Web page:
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In Recognision Of Television Excellence, Nigerian Thespians Unveil Tube Awards

Nigerian Thespians

The aim of the Tube Awards is to recognise outstanding television programmes and behind-the-scenes personnel in Nigeria.

While numerous awards only recognise on-screen performances, the Tube Awards is the pioneer award that recognises, celebrates, and rewards television excellence in Nigeria TV broadcasting.

Unveiled on Sunday at the Eko Hotels and Suites, Victoria Island, Lagos State, the Tube Awards seeks to recognise outstanding television programmes and behind-the-scenes personnel.

The event, which was tagged “love in the box,” is an initiative of Tube Afrique, the brainchild of Niran Adedokun, alongside a team of directors, including Temitope Duker Fidelis Duker and Kingsley James.

The event was hosted by Nollywood actor Segun Arinze and had several television personalities like Sunday Ododo, Bimbo Oloyede, Toni Kan, Ada Ameh, Kingsley James, Bakky Adeoye, and Fidelis Duker.

Others are Tope Duker, Yemi solace, Lancelot Imasuen, Charles Novia, Madam Kofo, Taiwo Ajai-Lycett, Emeka Ossai, Francis Onochie, and several others.


Mr Adedokun, an entertainment journalist cum author, PR practitioner, and lawyer, who hatched the idea 20 years ago, explained the strong influence television broadcasting plays in shaping lifestyles and the need to celebrate TV’s finest contributors.

“We have got all that is needed to make television in Africa the best in the world, and that’s the mission to which we have committed ourselves. The journey of a thousand miles starts with one step. As they say, we solicit that you join us on this journey to celebrate excellence in television in the African continent. Ultimately, what we watch on TV affects us,” he said in his welcome address.

“When television has transcended from that tube in a box which we return to every night into tablets and phones that we hold in our palm, we must then be concerned about the medium that it feeds us. If we are concerned about the content that we consume from television, we must also consider the people who produce that content for us.”

He also noted that Nigeria now has over 150 channels. And as the number of outlets increases, so as the number of practitioners. The Tube Awards, he said, will ensure that those who provide us with content on television have the best of encouragement and build the best of capacity.”

The theatre professional received praise from the GM/CEO, National Theatre, Sunday Ododo, who expressed optimism towards the goals Tube Awards set out to achieve.

Calling for partnership, Mr Adedokun said: “We recognise that as important as these tasks are, and as committed as we are to them, they are neither possible nor meant for us to be accomplished by ourselves, this, therefore, presents an opportunity for us to seek partnership.”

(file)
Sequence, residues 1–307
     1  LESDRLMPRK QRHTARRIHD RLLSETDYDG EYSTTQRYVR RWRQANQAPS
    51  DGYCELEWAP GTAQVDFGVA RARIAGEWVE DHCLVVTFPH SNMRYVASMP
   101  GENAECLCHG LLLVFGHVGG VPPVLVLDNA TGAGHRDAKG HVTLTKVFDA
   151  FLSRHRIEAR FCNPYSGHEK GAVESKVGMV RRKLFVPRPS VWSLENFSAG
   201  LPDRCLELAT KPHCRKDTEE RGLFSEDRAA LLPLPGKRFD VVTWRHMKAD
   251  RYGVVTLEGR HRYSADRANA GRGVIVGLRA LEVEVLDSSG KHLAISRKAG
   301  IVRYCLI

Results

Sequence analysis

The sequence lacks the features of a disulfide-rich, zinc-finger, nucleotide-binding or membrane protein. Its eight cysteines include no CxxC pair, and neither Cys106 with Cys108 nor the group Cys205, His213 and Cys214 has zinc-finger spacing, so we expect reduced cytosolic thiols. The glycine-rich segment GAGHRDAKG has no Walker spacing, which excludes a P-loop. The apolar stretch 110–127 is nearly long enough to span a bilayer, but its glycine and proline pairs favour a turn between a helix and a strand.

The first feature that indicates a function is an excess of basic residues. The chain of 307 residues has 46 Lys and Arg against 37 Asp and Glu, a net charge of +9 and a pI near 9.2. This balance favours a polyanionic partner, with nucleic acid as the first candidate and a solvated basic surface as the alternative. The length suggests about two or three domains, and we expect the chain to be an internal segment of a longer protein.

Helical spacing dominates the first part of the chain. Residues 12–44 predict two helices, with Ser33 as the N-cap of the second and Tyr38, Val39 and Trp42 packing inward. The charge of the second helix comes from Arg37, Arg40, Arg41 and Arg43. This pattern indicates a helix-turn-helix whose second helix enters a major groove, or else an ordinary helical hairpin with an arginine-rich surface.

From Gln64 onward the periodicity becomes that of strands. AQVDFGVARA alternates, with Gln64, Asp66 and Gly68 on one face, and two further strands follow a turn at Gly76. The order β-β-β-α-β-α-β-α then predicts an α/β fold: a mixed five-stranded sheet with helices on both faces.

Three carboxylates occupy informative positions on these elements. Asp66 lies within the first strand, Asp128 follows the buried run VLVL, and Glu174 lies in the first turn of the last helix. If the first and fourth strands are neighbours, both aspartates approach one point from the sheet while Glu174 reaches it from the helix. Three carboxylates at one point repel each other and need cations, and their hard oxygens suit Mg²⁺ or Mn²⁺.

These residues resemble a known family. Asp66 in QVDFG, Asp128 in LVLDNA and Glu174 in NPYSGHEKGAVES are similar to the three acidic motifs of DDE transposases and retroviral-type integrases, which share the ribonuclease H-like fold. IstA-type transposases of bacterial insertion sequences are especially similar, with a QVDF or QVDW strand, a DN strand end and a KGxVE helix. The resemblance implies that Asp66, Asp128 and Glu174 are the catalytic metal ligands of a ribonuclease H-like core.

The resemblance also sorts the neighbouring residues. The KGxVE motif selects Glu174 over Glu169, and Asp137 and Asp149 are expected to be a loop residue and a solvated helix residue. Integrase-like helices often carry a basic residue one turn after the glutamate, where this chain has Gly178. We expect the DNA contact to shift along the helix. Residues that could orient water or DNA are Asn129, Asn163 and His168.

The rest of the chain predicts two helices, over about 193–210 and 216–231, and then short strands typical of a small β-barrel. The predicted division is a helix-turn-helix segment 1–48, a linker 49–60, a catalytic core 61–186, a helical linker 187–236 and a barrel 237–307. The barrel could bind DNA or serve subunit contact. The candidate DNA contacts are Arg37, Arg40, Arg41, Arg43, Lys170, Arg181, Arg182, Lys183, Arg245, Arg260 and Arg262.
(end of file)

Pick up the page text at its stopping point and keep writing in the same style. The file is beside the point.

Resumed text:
Similarly, veteran televisiĆ³n actor Abiola Atanda, aka Madam Kofo, lauded the effort to use meritocracy as a benchmark to project creatives who have excelled in their careers successfully.


The award show, which positions itself as an accelerator for innovation and growth in the television space, listed 27 categories to honour creatives and professionals. It ranges from actors to producers to broadcasters.

With a provisional date set for the award ceremony in December, all programmes are expected to meet the requirements of being via cable, terrestrial, or digital platforms.

Compulsorily, entries must have been conceptualised, developed, filmed, and broadcast in one of the regions in Africa.

The organisers said the award has 27 categories and is open to all programs broadcast in Africa between January 1 and December 31 of the preceding year under review.

They added that a diverse jury body made up of professionals across all fields it concerns has been assembled to oversee the shortlisting of entries to activate its initiatives.

It also plans on organising events targeted at building the capacity of practitioners for optimal performance and proper monetisation.


Speaking at the event, a veteran journalist, Bimbo Oloyede, said the golden days of Nigerian television where people rushed home to sit and watch television programs are gone.

She said: “It’s time for us to change the narrative. We should remember people who conceptualised great ideas and brought them to reality like programs like ‘for better for worse, we should recognise them, not just us exhibiting our boobs and our bums.”

“We can recreate our nation by what we see on television, by the ideas we generate, we should be looking to change the thinking of people in Nigeria.”

According to the veteran, the award comes timely to resuscitate and recognise television programmes.

A documentary on television history in Nigeria was screened at the event. The piece narrated the 63-year journey of television in Nigeria and the key players.

Television started in Nigeria with the first television station in Nigeria, the Western Nigerian Government Broadcasting Corporation (WNTV) in Ibadan, Oyo State, created by Obafemi Awolowo and began broadcasting on October 31, 1959.

Shortly after, the Nigerian Television Authority (NTA) was later inaugurated in 1977, which was initially called NTV.

The major television programmes predominant in the early 80s were Moses Olaiya’sAlawada, Village Headmaster, Hotel de Jordan, Tales by Moonlight, Cockcrow at Dawn, and Mirror in the Sun Moment of Truth, Acadia Campus, Things Fall Apart, and Super stories amongst others.

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